With good returns so far since I profiled Caraco Pharma (CPD) as a defensive growth stock at a value price, a related company in the ETF Innovators (ETFI) Global Healthcare Cost Containment Index with similar value parameters is Home Diagnostics (HDIX) – which makes affordable blood glucose monitoring systems and disposable testing supplies under its own brand names (such as TRUE and Prestige) and co-branded partnerships with leading retail pharmacies such as Rite Aid (RAD), Walgreen (WAG), and CVS Caremark (CVS) as value-priced, store-branded products.
The accompanying 3-year chart (click to enlarge) illustrates that HDIX has lost more than half of its market value since its IPO in late 2006, underperforming both the Healthcare Sector SPDR (XLV) and Caraco Pharma (CPD) during this period. Also, the 3-month chart of HDIX shows a drop of more than 50% over this short period of time.
As of Friday's close, HDIX trades at an enterprise value [EV] to revenue ratio of just 0.4X, EV to EBITDA ratio of 2.9X with a market cap of $82M, enterprise value of $48M, trailing 12-month [ttm] revenue of about $122M, net income (ttm) of $8M, and a PE (ttm) of 11X. The current share price of $4.70 includes zero debt and about 2 bucks per share or $34M in cash while generating $11.9M or 63 cents per share in operating cash flow in the past year.
Last month, HDIX reported 3Q08 revenue of $35.6M (up 12.2% from the year-ago period) and net income which decreased to $4.5M or $0.24 per weighted average shares outstanding of 18.8M, versus $5.2M in net income in the year-ago period. In August, HDIX received FDA approval for no-coding (which is easier for patients to use since no additional steps are required when starting a new drum of test strips) blood sugar monitoring products, TRUE2go and TRUEresult. HDIX anticipates total cap-ex of $16-$18M, allocated over the next 13-15 months for new test strip manufacturing capacity, which will be online by early 2010 in anticipation of increased demand for the recently approved no-coding products.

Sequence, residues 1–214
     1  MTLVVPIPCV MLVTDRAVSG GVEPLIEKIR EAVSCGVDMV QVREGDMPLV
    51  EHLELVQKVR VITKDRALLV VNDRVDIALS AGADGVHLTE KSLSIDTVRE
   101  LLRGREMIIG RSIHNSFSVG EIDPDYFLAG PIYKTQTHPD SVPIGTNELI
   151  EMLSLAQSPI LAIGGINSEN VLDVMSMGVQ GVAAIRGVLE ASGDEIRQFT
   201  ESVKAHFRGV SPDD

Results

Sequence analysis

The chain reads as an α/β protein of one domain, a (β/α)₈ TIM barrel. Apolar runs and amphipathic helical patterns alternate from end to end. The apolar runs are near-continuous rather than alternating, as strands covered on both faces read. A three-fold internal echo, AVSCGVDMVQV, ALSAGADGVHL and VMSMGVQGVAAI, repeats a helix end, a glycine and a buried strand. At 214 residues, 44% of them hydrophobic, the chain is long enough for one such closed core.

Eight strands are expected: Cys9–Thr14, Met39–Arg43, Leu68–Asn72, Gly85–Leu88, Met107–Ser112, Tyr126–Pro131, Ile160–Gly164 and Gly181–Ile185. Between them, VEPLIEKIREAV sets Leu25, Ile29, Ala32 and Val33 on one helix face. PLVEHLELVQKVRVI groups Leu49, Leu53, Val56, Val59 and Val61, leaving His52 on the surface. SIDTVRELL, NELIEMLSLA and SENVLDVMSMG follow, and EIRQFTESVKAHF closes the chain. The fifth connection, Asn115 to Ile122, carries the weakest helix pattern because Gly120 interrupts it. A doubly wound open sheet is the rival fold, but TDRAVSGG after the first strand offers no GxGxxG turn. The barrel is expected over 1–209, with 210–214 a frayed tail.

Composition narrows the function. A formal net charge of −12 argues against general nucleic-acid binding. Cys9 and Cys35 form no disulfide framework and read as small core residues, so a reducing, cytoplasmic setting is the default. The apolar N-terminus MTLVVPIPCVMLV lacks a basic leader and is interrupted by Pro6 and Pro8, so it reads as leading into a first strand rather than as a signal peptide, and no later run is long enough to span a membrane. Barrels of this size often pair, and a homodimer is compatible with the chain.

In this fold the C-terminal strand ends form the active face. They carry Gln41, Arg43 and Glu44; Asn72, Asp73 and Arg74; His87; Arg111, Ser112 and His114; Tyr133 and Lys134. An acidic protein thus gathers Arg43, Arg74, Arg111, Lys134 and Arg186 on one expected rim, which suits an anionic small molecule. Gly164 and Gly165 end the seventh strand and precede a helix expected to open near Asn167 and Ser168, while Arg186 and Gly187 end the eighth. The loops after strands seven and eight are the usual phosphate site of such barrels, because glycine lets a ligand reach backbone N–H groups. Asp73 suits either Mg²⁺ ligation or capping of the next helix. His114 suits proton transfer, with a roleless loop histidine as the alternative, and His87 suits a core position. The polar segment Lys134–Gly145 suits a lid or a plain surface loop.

The company provided full-year guidance of $123M-$125M for revenue and adjusted earnings per diluted share of $0.40-$0.43. The lowered guidance is the result of several factors, including an expected 4Q08 sales mix more heavily weighted toward the new no-coding systems, which results in lower gross profit margins initially due to discounts and promotions such as free meters along with higher costs until the manufacturing operations are fully expanded by early 2010.
Other factors include lower sales through mail order due to a 3Q08 inventory build by a large customer and competitive pricing pressure in a business which is dominated by much larger players such as Johnson & Johnson (JNJ) (LifeScan – One Touch), Abbott Labs (ABT) (FreeStyle), Roche (OTC:RHHBY) (Accu-Chek), and Bayer (OTC:BAYRY) (Ascenscia).
During 2007, the revenue breakdown for HDIX included 53% of sales to healthcare distributors such as McKesson (MCK), 23% to retail pharmacies, 12% to mail order pharmacies such as Express Scripts (ESRX), and 13% international sales (Canada). The company expects to name a new CEO in the first half of 2009 and has hired an executive search firm to find a replacement, with the current President and CEO remaining to ensure a smooth transition period.
HDIX has grown sales from $100.2M in 2005 to $115.6M in 2007 for a compound annual growth rate of 7.4%, with another 7% growth in revenue expected for 2008 based on the mid-point of lowered guidance last quarter of $124M. Gross profit margins improved by 1.7% in 2007 at 60.6% from a level of 58.9% in 2005, with a temporary decline expected for 2008 due to the higher mix of sales from the new no-coding product lines, TRUE2go and TRUEresult.
Despite the short-term negative factors which are adversely affecting gross profit margin and operating results, HDIX is positioning itself for long-term growth in a defensive sector by offering high quality products at a discount to other leading brands and is poised to increase retail sales through co-branding agreements with RAD, WAG, and CVS. Statistics posted at the CDC website estimate the total cost of diabetes for 2007 was $174 billion, along with evidence that at least 57 million people in the U.S. have pre-diabetes in addition to the 24 million people who already have diabetes – placing over 25% of our population at risk for complications of the disease and ensuring growing demand for diabetes care products to better manage the condition and avoid more serious complications.
Key factors to watch will be a return to sales growth in the low teens (13%-15%) and gross profit margins improving into the low sixties (62%-63%) as the company ramps up its manufacturing capacity for the two new products and phases out the promotional activities. Once these favorable trends become apparent in the quarterly results, HDIX should find its way back to double digits around consensus analyst price targets of 10 bucks per share, providing excellent returns from the current stock price below 5 bucks where I have initiated a long position since following the stock from the time of its IPO more than two years ago.